For example, a creature drops from a height of 40 feet and rolls a 17 for their Acrobatics check. This means that the creature succeeds in breaking their fall enough so that they don't take any damage from the first two dice, but do take the full remaining 2d6 damage.If the creature rolls a 26 on their Acrobatics check, on the other hand, they only take 2d6 damage, but the damage of the first die (rolled for the 40 to 50 feet fall) is halved as they have surpassed the 40 feet DC.
|HEIGHT||DIFFICULTY CLASS (Acrobatics)||ON A SUCCESS|
|10 feet||DC 10||No damage|
|20 feet||DC 15||No damage|
|30 feet||DC 20||No damage|
|40 feet||DC 25||Half damage|
|50 feet||DC 30||Half damage|
|60 feet||DC 35||Half damage|
|70+ feet||—||FULL DAMAGE|
When falling on Concrete the maximum amount of damage a creature can receive is 50d6, this puts the average maximum amount of damage at 175, which should be a bit more threatening to high-level players and monsters. I have chosen to cap the damage to around 50d6 since according to this comment you reach terminal velocity after having fallen around 580 feet (1 round), and to keep it simple (and not too damaging) if have rounded this down to 50d6.
WaterWhen falling into Water it is easier for a character to break their fall since they (only) have to streamline their body to let the water break their fall. Water is also not as hard as Concrete which makes it easier for the body to land on, even if the body is rotated poorly.
The rules for falling on Water are mostly the same, but there is one difference. Water is more soothing than Concrete which is why, as long as the water is at least half as deep as the height a creature is falling from, the creature will take no damage when falling from a height of up to 20 feet. The Water has to be at least half as deep as the height the creature is falling from until it equals 70 feet, after which it is not a requirement any more. If the depth of the Water is lower than half the height the creature is falling from the water counts as Concrete.When a creature falls in Water, the creature still takes 1d6 for every 10 feet it fell (and didn't break the fall for).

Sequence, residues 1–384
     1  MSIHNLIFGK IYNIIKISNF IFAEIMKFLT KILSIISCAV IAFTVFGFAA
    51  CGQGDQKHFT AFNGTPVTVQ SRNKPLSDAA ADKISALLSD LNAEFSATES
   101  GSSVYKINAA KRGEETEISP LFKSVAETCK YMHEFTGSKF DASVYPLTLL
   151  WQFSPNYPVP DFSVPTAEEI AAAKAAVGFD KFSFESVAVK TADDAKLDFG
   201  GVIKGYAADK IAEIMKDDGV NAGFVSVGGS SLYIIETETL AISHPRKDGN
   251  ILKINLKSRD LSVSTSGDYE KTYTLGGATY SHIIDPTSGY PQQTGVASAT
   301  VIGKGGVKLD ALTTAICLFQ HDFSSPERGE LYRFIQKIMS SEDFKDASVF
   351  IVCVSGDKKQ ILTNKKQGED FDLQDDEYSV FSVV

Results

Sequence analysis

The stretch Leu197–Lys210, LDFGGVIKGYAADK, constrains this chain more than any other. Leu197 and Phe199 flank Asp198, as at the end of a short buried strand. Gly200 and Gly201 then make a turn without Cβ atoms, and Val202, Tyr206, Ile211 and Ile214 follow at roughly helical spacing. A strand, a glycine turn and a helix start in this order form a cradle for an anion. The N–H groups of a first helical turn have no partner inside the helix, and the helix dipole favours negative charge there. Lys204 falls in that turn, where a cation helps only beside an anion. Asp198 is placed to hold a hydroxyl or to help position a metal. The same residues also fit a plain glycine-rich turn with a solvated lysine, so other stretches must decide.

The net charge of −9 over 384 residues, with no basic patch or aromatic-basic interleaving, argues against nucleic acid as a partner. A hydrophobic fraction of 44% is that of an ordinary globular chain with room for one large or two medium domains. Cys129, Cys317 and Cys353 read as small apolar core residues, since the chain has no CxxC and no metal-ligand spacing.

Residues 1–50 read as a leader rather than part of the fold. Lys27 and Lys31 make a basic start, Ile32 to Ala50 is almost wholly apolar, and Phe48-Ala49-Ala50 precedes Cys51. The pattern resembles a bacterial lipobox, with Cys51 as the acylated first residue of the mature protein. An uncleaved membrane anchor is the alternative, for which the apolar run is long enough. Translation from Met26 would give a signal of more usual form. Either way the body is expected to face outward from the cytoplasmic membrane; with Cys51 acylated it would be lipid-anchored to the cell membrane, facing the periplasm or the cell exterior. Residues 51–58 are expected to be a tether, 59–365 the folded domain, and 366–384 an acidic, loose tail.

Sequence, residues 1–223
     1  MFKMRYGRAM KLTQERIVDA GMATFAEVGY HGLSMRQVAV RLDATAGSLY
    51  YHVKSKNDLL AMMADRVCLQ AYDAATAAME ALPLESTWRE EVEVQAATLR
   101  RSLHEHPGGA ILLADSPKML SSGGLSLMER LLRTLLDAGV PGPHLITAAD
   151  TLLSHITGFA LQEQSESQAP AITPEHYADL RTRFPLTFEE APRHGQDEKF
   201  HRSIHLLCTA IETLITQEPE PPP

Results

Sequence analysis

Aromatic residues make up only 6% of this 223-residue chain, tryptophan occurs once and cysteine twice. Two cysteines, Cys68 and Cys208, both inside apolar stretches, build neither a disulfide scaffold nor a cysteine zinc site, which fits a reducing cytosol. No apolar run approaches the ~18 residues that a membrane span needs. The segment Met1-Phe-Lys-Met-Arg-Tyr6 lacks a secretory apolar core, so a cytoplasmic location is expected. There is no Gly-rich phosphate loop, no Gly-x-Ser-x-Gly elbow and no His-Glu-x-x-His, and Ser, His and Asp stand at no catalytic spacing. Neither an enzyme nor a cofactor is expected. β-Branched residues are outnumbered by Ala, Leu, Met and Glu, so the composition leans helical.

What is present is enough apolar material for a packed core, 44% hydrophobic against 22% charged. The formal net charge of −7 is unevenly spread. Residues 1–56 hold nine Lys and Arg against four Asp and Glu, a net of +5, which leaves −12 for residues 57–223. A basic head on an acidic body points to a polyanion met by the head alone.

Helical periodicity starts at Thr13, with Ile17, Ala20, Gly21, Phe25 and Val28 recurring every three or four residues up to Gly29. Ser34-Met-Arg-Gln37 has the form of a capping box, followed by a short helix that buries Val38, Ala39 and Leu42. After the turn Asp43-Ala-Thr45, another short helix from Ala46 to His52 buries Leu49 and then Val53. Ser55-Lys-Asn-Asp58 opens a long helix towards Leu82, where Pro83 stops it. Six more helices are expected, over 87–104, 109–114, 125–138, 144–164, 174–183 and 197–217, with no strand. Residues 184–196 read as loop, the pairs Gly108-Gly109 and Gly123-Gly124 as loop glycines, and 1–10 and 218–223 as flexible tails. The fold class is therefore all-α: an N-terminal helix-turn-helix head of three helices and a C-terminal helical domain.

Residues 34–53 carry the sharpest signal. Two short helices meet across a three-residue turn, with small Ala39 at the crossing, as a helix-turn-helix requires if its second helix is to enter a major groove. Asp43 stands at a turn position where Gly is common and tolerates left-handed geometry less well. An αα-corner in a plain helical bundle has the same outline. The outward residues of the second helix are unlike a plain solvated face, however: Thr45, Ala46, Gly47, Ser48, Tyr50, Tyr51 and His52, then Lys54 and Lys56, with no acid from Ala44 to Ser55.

|HEIGHT||DIFFICULTY CLASS (Acrobatics)||ON A SUCCESS|
|10 – 20 feet||—||No damage|
|30 feet||DC 10||No damage|
|40 feet||DC 15||No damage|
|50 feet||DC 20||No damage|
|60 feet||DC 25||Half damage|
|70 feet||DC 30||Half damage|
|80 feet||DC 35||Half damage|
|90+ feet||—||FULL DAMAGE|
Officially the maximum amount of falling damage is still 50d6 for Water, but since the first two damage dice are almost always not rolled, it usually has a maximum of 48d6.
These were my rules! I would be very interested in hearing what you think. Please leave a comment if you'd want me to clear some stuff up since I know my (written) explanations are often very unclear.
PS: These rules are just for two situations but if your situation requires you can always modify them a bit using this as a baseline. If a creature falls on a spiky terrain, for example, you could add some piercing damage to the fall. Or if the terrain isn't flat you could make the Acrobatics check DC lower since the creature might not come to an immediate stop and instead starts sliding. See? Endless possibilities!